IDDBA
IDDBA 2015: Consumer study reveals food safety problem areas in stores

IDDBA 2015: Consumer study reveals food safety problem areas in stores

One third of U.S. shoppers have left a supermarket mid-trip because the store was unclean, according to a new consumer study presented at Dairy-Deli-Bake on Sunday.

Supermarket Guru Phil Lempert conducted the study for IDDBA. The study consisted of an online survey of 605 adults.

“If you screw up on food safety you're out of business,” said Lempert.

That doesn't even necessarily mean your product made someone sick. It could just be customers saw a dirty floor or counter, Lempert said. “It's critical that we pay attention to the little things.”

While most respondents said their store was always clean, 25% said the store was occasionally messy. “That has to be zero when it comes to instilling loyalty and consumer confidence,” said Lempert.

Food safety perceptions are especially important when it comes to dairy, deli and bakery. For example, shoppers spend more time in the deli department than in other parts of the store, so they see things they wouldn't notice in center store or the meat department.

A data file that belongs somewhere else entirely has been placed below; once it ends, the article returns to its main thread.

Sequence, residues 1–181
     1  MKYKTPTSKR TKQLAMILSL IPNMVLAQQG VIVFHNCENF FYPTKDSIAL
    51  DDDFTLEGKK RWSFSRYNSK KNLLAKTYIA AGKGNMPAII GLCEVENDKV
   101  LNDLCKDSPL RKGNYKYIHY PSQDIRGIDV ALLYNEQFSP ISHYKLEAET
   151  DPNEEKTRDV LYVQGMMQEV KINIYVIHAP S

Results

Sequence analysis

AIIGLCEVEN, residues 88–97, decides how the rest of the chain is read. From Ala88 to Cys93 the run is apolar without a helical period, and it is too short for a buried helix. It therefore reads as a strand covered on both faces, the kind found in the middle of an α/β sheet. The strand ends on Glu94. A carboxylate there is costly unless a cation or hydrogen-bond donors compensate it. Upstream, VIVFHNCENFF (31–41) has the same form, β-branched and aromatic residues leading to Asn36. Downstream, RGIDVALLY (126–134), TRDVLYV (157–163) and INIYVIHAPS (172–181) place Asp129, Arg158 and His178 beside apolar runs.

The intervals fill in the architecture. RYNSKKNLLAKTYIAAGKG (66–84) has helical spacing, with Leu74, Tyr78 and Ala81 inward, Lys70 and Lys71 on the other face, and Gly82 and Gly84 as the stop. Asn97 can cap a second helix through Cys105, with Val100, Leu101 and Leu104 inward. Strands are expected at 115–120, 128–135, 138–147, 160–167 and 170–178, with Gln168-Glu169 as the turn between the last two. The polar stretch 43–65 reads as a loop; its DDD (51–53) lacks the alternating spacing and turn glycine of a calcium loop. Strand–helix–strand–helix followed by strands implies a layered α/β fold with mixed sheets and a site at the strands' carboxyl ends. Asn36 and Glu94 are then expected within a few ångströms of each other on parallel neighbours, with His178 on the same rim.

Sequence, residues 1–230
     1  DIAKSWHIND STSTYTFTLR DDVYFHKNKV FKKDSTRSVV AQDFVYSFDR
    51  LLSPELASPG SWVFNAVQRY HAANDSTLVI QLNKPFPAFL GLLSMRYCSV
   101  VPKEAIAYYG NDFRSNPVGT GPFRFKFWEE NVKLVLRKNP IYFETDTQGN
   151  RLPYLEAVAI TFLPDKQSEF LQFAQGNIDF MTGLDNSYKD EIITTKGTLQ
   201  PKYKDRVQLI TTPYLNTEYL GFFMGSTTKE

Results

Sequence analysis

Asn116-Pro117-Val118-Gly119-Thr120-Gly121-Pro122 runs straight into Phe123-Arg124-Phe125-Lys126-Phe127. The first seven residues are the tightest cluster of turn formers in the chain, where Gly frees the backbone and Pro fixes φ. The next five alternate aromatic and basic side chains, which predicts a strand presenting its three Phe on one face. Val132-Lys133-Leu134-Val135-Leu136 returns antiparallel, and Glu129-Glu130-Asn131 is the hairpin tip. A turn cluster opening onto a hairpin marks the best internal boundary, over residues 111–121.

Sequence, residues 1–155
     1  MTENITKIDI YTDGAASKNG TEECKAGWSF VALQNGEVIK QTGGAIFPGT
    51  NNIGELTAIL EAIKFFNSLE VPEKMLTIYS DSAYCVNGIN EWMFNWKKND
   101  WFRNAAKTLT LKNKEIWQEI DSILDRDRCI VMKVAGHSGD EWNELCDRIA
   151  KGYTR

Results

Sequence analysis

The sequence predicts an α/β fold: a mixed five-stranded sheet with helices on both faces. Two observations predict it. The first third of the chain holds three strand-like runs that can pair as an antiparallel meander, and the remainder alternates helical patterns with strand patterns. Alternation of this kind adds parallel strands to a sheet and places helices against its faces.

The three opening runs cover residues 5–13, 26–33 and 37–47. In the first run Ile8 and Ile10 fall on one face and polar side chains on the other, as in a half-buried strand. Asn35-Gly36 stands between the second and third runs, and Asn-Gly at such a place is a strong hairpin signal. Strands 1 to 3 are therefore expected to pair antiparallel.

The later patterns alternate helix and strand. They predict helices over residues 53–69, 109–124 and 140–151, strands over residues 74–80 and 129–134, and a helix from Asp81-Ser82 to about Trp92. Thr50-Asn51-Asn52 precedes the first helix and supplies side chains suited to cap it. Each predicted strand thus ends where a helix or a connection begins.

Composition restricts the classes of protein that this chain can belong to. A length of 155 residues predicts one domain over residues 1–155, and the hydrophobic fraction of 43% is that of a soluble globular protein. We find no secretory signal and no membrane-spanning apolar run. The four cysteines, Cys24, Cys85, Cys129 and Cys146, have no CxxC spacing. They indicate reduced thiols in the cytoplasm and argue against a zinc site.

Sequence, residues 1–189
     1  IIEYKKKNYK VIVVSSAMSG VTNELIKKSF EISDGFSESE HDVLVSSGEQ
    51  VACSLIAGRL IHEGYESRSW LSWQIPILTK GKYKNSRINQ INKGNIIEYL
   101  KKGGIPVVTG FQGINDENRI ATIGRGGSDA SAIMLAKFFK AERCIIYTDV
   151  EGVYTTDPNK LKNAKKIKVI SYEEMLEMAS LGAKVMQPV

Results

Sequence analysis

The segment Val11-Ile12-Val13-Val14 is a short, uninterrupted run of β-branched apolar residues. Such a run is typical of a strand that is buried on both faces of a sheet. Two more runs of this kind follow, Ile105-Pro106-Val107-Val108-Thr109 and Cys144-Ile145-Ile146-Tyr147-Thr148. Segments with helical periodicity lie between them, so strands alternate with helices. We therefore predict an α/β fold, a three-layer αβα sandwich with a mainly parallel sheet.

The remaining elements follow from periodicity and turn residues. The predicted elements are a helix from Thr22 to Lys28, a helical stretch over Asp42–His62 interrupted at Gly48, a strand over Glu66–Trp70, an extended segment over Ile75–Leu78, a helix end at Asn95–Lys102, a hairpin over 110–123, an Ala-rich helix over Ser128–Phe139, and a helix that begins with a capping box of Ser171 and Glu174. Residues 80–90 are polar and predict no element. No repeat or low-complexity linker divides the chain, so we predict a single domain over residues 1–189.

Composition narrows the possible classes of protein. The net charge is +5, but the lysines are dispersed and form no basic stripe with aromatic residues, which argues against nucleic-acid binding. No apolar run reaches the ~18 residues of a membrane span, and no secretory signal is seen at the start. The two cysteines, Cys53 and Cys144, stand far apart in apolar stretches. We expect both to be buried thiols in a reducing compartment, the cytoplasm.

Respondents said a clean appearance was very important. The departments should be well lit and cases, equipment and floors should be clean. Lempert said stores should not put down rug runners to hide the floors. Shoppers also don't like visible bug zappers.

Neat and organized cases and prepared foods bars were also a priority for consumers. Cases must have sneeze guards, and visible measures must be taken to avoid cross-contamination. Customers want to see thermometers on cases and displays, and they want to see store employees walking around to check the quality of self-serve prepared foods.

Contrary to what retailers may think, shoppers don't like take-your-own sample stations because they are worried about other shoppers touching the samples.

Another key area for food safety was employee cleanliness. Consumers want to see employees washing their hands and putting on protective gloves. Loose hair, bushy beards, fake nails and body piercings all gave respondents a negative perception of an employee.

Finally, stores should post prominent signs outlining food safety practices, since that shows customers that employees have been trained.

Consumers' top food safety fears are salmonella, cross contamination and E. coli.

However, there is good news for grocers.

“Supermarkets are the most trusted food format when it comes to food safety,” said Lempert.

Far more respondents listed supermarkets as the most trusted on food safety than other formats such as wholesale clubs, superstores, dollar stores and convenience stores.

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